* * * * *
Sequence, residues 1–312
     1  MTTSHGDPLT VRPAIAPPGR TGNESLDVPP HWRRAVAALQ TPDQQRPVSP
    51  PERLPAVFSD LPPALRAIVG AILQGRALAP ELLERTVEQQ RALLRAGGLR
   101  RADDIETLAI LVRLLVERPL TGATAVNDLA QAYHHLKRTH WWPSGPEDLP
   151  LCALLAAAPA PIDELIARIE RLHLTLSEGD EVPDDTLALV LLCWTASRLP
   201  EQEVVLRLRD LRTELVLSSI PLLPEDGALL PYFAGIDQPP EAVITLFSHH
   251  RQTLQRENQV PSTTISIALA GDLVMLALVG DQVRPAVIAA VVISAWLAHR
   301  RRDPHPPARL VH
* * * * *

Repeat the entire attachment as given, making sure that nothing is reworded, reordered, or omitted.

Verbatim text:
Sequence, residues 1–312
     1  MTTSHGDPLT VRPAIAPPGR TGNESLDVPP HWRRAVAALQ TPDQQRPVSP
    51  PERLPAVFSD LPPALRAIVG AILQGRALAP ELLERTVEQQ RALLRAGGLR
   101  RADDIETLAI LVRLLVERPL TGATAVNDLA QAYHHLKRTH WWPSGPEDLP
   151  LCALLAAAPA PIDELIARIE RLHLTLSEGD EVPDDTLALV LLCWTASRLP
   201  EQEVVLRLRD LRTELVLSSI PLLPEDGALL PYFAGIDQPP EAVITLFSHH
   251  RQTLQRENQV PSTTISIALA GDLVMLALVG DQVRPAVIAA VVISAWLAHR
   301  RRDPHPPARL VH